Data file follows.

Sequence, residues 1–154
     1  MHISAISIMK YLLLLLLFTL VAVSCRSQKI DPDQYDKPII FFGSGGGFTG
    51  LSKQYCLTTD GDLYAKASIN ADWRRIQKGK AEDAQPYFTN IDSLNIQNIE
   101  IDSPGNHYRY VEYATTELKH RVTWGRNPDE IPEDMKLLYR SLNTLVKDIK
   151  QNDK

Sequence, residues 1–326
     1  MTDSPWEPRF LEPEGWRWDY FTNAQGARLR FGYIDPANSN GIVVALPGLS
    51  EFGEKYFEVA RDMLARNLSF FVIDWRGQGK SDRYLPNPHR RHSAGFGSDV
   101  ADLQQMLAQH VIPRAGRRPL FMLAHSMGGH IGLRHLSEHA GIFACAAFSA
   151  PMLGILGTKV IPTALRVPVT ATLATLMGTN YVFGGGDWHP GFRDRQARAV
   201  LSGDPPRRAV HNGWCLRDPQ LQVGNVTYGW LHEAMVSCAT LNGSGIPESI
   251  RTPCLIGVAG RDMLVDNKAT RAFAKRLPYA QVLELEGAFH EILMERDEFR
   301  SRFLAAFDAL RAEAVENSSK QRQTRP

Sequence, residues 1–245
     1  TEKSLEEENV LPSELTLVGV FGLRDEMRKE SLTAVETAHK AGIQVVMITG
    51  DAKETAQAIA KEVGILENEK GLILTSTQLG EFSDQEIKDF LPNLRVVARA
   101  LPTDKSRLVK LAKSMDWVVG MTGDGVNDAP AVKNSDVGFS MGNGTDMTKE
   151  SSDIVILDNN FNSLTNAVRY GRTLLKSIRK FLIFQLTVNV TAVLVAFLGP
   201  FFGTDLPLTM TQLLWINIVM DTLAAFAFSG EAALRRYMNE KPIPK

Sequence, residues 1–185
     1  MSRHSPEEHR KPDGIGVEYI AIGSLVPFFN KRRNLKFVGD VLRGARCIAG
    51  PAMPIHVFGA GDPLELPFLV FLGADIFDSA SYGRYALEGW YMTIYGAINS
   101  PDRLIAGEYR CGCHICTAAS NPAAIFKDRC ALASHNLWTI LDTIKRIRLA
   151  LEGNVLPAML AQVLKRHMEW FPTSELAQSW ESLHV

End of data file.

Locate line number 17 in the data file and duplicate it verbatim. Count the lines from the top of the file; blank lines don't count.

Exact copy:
   101  LPTDKSRLVK LAKSMDWVVG MTGDGVNDAP AVKNSDVGFS MGNGTDMTKE